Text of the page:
Probationary periods at work and what you need to know


The purpose of a probationary period is to allow a specific period for the employee and employer to assess the suitability of the role after having first-hand experience.

It also gives the employer an opportunity to assess objectively whether the new employee is suitable for the job taking into account their capability, skills, performance, attendance and general conduct while, at the same time, giving the new employee the opportunity to see whether they like their new job and surroundings.

What's the length of probation and can it be extended?

Contract of employment will usually set out whether or not the probationary period can be extended. In Kenya, the relevant law on probation is Section 42(2) of the Employment Act, which provides that a probationary period shall not exceed six months but it may be extended for a further period of not more than six months after deliberation with the employee.

This in other terms means that the probationary period cannot exceed an aggregate of one year. The purpose of extending a probationary period is to allow the employee further time to improve his/her performance to demonstrate competence in the full range of duties and required behaviors.

What rights do employees have while on probation?

Employees on a probationary period, whether it’s a one, three or six months probationary period will still enjoy statutory employee rights.

However, the law allows employers to restrict work-related benefits during the probationary period, for example, bonus schemes, private health care and life assurance. Notice periods are often shorter on probation periods, to allow either side to terminate the contract within a shorter time period than a permanent employee.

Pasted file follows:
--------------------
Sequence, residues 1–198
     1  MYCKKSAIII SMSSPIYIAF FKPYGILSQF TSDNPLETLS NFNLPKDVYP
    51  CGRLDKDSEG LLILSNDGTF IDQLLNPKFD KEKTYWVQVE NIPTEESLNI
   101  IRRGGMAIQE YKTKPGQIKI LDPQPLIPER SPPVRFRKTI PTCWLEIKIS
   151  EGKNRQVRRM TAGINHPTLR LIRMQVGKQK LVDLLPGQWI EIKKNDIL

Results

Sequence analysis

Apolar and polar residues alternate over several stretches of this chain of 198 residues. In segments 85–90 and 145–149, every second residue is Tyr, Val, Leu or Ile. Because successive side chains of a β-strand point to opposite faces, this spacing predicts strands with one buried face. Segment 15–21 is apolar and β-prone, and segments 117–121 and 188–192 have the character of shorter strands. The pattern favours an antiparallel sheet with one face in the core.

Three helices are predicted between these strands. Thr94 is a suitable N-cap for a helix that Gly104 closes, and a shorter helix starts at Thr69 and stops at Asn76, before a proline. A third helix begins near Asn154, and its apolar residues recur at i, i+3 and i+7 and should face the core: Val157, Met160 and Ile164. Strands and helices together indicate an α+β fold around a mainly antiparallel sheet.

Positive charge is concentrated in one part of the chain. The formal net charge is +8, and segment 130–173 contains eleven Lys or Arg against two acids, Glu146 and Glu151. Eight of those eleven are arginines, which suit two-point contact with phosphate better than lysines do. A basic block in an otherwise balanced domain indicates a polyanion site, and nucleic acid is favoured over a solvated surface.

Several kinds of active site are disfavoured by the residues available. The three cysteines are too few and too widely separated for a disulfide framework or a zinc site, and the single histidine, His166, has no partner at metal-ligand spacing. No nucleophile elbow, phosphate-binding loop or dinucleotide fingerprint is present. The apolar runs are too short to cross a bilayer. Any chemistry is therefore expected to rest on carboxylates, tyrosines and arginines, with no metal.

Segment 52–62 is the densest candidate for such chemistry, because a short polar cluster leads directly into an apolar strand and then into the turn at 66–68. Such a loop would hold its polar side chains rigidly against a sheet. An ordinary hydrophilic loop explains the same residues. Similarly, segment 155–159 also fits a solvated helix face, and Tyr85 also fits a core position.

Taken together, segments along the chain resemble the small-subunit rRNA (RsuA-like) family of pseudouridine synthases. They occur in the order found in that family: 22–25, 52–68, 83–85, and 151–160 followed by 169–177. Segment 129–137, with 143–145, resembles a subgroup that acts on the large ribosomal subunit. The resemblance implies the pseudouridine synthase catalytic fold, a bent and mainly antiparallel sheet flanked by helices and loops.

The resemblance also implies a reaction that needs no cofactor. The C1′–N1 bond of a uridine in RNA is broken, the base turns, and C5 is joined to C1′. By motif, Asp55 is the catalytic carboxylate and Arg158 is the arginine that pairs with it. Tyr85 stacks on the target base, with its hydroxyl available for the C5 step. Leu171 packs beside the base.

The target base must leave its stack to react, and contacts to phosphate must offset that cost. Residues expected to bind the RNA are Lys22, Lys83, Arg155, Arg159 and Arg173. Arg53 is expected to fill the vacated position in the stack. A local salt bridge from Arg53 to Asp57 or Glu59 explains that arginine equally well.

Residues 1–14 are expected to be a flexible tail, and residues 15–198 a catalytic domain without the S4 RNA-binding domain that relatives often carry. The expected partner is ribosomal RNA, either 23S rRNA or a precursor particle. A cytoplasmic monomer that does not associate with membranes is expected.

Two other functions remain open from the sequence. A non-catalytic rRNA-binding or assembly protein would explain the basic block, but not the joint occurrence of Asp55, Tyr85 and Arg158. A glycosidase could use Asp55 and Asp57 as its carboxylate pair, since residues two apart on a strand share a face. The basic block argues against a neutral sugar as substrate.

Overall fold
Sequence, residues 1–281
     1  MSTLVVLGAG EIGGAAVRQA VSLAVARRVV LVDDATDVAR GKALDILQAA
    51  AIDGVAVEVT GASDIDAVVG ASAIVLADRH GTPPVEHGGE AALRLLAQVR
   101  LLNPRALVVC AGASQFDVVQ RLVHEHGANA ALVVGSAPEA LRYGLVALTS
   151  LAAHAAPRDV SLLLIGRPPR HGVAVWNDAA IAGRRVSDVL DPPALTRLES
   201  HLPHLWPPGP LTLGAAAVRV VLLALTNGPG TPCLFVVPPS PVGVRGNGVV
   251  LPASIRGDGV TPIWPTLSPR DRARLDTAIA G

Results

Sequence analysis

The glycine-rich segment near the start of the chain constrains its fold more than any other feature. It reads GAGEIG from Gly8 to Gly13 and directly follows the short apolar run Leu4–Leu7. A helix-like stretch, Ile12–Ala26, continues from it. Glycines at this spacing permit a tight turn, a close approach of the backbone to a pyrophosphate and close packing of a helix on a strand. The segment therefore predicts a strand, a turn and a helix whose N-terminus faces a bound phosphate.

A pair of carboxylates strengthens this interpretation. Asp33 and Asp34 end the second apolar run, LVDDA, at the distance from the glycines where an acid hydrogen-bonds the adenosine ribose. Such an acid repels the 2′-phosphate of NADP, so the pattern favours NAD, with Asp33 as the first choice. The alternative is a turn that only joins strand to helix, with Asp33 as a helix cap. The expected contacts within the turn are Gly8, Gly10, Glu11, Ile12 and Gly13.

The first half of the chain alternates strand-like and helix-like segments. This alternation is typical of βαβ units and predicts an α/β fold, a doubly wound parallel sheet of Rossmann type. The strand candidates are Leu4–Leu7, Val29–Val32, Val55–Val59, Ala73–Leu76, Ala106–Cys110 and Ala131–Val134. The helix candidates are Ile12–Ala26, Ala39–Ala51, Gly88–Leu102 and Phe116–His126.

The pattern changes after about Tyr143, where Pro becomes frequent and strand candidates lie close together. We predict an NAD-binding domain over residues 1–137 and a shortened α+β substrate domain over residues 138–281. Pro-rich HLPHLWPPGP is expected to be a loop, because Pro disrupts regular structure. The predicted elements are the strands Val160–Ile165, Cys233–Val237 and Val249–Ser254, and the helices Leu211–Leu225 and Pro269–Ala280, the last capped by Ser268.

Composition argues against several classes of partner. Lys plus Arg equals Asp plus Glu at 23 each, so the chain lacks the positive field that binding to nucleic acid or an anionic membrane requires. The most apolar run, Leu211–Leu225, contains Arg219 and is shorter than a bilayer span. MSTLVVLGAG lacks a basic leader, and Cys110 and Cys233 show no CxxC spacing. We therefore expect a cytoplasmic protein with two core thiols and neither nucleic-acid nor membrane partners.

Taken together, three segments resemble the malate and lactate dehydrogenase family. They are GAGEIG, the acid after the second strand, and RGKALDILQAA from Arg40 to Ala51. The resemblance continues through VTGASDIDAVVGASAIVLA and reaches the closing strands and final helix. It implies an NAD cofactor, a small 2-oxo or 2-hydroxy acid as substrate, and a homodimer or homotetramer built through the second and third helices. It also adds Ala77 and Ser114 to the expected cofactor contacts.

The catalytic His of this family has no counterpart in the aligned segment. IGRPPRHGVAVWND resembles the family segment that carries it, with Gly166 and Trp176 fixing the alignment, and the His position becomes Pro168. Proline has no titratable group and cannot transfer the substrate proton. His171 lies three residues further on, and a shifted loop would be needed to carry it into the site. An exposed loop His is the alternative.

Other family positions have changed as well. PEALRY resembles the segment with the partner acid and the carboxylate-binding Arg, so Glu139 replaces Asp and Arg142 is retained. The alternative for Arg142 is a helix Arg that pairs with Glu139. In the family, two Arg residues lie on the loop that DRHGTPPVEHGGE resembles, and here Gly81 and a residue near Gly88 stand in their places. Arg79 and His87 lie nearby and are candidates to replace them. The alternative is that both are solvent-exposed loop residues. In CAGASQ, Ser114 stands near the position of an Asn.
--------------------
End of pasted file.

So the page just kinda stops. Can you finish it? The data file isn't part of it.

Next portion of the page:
What rights don't I have during the probation period?

An employee on probation will probably find that he or she has less generous contractual terms as compared to colleagues who are not on probation. You are also likely to find that you are on a much shorter notice period until the probationary period has been passed.

When staff on probation is experiencing difficulties

If the employee is experiencing problems at any stage during the probationary period the management should discuss these with the employee and not wait until the next scheduled review meeting.

The primary purpose is to bring about a sustained improvement in performance and to ensure that the employee has had sufficient opportunities to achieve this.

Termination of probation

Although it is the practice among employers that an employee under probation and whom they do not wish to retain will always be released under shorter notice and without having to follow disciplinary procedures, recent court decisions say otherwise.

Where the reasons for termination are underperformance or gross misconduct, employers will be required to undertake proper termination procedures.